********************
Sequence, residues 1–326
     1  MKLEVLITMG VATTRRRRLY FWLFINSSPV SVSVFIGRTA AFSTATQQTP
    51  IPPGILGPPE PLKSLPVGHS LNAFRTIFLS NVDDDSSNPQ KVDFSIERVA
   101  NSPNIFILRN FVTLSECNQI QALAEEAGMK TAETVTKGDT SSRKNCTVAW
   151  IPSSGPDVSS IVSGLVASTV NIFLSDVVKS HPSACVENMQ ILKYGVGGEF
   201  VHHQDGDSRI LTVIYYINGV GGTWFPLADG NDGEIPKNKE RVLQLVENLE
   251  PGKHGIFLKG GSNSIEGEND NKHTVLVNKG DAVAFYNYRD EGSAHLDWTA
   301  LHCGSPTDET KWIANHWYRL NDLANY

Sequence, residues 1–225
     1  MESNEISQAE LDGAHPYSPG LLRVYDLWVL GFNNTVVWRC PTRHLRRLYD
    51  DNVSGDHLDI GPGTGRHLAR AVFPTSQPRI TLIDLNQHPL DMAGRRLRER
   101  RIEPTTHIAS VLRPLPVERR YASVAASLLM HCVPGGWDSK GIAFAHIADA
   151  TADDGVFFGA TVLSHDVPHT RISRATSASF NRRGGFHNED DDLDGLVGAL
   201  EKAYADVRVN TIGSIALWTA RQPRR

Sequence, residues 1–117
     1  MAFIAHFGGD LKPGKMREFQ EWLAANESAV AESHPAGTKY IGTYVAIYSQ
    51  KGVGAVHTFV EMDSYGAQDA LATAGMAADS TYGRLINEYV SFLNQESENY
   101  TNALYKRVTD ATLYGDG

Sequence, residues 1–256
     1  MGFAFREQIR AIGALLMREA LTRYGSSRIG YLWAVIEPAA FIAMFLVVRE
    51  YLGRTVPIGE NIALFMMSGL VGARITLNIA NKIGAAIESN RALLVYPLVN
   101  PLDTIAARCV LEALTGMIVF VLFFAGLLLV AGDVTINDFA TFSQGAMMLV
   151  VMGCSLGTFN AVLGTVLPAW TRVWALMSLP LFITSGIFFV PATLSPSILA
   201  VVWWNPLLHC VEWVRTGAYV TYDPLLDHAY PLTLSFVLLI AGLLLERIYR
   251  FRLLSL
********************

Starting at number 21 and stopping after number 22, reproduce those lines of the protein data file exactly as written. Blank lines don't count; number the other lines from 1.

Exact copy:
    51  YLGRTVPIGE NIALFMMSGL VGARITLNIA NKIGAAIESN RALLVYPLVN
   101  PLDTIAARCV LEALTGMIVF VLFFAGLLLV AGDVTINDFA TFSQGAMMLV